Photography DAMIAN BENNETT Styling KELLY HUME Interview NADIA SALEMME
trange as it may sound, when Kerry Armstrong finds herself in front of a lens, she just wants to disappear. Never mind that she firmed up her status long ago as one of our most acclaimed actors, known for roles on shows such as Seachange (where she played bubbly housewife Heather Jelly) and Bed Of Roses (as widow Louisa Atherton), or films like 2001’s Lantana, for which she won an AFI award.
She can certainly act her heart out in front of a camera; it’s just the posing that she finds difficult. And playing herself may be the hardest role of all. “I’m not that good at getting my photo taken,” Armstrong admits to Stellar with a laugh. “That’s not my thing. On the red carpet, I always look like someone’s lost aunty.”
Even for this shoot, Armstrong would have preferred to be snapped in character mode – kitted out, say, as Alice Wells, the Mary Poppins-esque nanny with a dark side she is about to play in a guest role on Neighbours. (She ends up settling for a chic green suit, and opts to go barefoot.)
It has been a big year for Armstrong. She turned 60 last month, joined the cast of Neighbours and made headlines with her spiky run on Network Ten’s reality series I’m A Celebrity… Get Me Out Of Here!.
And there were smaller, more trivial things for her to contend with as well. “I had to learn about Instagram!” she says. “I think the British girl [Vicky Pattison] had four million followers; someone else had two million. Simone [Holtznagel] looked at me and said, ‘How many have you got, Kez?’ I said, ‘28.’ And she said, ‘Only 28,000?’ I said, ‘No… 28.’”
The jungle also brought Armstrong back to her first love. “I stopped acting for quite a while,” she says. “I loved being behind the scenes.” Joining Neighbours was predicated on a particular idea. “I said if I did it, I had spent my life playing goodies. Why not a bad guy role?” she explains. She relishes playing against type and pushing against any notions that age may be an impediment. “Acting has nothing to do with your age,” she argues. “There’s no use-by date on an actor because you’re always telling a story. And human beings don’t stop at 40. I always knew it’s a game of leapfrog, that there was a lily pad to land on.”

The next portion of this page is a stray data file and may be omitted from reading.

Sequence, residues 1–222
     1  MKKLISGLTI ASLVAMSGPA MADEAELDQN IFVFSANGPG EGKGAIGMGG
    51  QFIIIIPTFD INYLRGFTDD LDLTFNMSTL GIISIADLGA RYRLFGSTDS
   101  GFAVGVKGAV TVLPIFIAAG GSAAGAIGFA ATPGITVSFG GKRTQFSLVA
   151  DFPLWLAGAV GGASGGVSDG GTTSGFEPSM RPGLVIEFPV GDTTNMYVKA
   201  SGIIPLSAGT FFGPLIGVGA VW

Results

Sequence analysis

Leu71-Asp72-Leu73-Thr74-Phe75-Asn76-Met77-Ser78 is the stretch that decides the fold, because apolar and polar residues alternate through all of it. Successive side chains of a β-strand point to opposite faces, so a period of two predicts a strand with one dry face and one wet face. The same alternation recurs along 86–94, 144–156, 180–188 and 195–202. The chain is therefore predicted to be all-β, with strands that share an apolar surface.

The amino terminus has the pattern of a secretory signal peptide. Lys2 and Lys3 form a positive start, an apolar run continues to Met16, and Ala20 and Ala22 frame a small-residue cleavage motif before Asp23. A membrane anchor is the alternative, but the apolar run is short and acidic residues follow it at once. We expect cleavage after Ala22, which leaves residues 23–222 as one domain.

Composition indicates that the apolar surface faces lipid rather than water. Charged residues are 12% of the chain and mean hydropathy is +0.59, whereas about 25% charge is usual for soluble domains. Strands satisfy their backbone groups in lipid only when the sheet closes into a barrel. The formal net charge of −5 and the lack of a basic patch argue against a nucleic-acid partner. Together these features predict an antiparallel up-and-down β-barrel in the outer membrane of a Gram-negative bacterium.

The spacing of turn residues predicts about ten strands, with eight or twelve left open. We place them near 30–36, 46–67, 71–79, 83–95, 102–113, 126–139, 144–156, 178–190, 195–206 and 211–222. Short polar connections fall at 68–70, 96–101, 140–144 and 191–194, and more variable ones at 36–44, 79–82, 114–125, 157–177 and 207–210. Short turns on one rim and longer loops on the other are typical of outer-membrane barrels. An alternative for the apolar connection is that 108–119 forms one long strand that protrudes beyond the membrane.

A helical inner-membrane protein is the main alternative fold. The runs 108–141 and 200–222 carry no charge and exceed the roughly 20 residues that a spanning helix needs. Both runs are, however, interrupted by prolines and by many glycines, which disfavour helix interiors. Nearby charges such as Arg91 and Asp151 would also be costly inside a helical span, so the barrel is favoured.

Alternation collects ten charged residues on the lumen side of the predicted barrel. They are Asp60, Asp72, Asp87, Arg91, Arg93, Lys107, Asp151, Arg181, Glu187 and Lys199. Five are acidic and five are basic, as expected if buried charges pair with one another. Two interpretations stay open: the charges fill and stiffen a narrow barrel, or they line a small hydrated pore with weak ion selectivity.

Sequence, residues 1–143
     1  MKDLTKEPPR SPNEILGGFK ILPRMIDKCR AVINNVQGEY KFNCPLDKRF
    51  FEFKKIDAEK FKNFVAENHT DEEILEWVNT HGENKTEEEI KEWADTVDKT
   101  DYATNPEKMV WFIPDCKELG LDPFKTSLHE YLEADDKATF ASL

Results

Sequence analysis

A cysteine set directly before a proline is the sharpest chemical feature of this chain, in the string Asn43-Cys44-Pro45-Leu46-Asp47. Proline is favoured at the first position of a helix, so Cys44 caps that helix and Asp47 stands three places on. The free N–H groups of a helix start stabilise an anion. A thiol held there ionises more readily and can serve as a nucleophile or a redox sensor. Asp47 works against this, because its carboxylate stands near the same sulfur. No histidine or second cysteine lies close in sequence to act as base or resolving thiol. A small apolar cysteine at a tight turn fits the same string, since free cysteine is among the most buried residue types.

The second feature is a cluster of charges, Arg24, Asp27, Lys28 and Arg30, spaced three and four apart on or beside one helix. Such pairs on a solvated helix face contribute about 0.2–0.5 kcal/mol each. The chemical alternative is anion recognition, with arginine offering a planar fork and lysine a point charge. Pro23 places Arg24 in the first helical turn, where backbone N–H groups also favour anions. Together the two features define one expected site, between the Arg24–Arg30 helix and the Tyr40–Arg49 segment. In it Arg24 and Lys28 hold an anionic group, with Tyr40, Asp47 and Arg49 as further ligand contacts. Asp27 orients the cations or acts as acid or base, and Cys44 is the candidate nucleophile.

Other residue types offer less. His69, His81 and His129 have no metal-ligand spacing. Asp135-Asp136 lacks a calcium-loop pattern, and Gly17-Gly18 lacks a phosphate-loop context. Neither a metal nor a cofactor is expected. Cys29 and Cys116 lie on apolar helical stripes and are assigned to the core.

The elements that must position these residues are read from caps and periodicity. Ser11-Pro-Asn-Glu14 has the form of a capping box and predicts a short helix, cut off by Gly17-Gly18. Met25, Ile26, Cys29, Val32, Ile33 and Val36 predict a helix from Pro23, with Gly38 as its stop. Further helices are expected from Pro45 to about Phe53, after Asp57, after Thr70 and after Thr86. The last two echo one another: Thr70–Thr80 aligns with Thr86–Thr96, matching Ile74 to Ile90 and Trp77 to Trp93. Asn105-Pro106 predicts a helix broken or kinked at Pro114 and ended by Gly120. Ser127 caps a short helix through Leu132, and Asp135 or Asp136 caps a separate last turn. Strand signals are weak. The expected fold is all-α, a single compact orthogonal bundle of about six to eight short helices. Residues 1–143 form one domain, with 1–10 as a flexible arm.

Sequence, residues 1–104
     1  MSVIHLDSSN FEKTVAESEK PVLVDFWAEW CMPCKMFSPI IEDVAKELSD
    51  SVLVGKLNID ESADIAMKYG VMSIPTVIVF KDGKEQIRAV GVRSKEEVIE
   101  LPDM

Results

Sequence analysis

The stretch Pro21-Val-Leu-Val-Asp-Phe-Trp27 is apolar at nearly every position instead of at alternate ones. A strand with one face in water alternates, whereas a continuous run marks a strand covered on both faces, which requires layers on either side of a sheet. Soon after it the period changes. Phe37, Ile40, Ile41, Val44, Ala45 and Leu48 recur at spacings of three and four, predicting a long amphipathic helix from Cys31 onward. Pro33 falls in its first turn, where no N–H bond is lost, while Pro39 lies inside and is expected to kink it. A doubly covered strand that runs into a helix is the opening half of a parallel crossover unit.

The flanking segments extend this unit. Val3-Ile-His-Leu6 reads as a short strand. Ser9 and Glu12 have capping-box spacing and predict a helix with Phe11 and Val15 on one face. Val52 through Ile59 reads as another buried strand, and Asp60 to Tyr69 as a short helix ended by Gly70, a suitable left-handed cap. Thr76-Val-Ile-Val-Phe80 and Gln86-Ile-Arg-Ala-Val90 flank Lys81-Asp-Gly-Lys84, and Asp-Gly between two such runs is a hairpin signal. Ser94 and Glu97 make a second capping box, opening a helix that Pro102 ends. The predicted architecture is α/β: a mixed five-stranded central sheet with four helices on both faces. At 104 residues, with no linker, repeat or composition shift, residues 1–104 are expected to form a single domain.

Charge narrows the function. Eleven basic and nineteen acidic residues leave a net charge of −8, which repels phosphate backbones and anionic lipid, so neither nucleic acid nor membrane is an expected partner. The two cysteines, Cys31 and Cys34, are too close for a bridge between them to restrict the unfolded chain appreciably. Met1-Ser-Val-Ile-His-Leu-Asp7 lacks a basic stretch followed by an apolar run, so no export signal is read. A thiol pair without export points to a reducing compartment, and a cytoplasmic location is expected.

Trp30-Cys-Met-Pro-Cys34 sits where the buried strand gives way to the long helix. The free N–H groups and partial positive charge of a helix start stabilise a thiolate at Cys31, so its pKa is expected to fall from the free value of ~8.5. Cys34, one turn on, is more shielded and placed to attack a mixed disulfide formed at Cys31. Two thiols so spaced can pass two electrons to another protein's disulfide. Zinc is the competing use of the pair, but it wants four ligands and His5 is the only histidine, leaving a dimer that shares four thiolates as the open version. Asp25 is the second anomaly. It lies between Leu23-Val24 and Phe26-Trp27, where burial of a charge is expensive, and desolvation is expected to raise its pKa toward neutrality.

But she does understand why plenty of actors, young and old, might think differently. “No-one wants to grow up,” Armstrong says. “You know, the coolest age was 30, then it was 21, and now it’s apparently about 15. People tend to put lids on us a little bit as you get older. We understand a woman in a cardigan, knitting or making cups of tea, and we understand a rough one with moccasins.”
Armstrong has long been privy to not just ageism, but also sexism in her chosen industry – and believes it kept her from landing roles. “I know that because I didn’t play the game here or in the States,” she says. “There were as many good men and women as there were a whole bunch of people who, I think, imagined this business was about getting laid. We’re starting to find out what right and wrong is again.”
In the meantime, she tries to stay philosophical about life in the public eye and aims to keep it real. Exhibit A: those truth bombs she dropped in the jungle. “When you leave the planet, you won’t leave with anything except what you’ve become to the people around you,” she says. “I can’t bear bullsh*t. We bullsh*t ourselves sometimes. I want everyone to be themselves. Please show me who you are! So instead of judging you, I can try and understand you.there’s a difference.
“There are stories about me that are ludicrous,” Armstrong continues. “The internet says I’ve been married four times and I think, ‘ Wow, that’s more than is true.’ ” (For the record, she has been married twice.) “And then they announced that I was 60 when I was still 59. I thought, ‘That’s so unfair!’
“There’s an invented world that we all live with, being in the public eye,” she says. “You have to laugh.”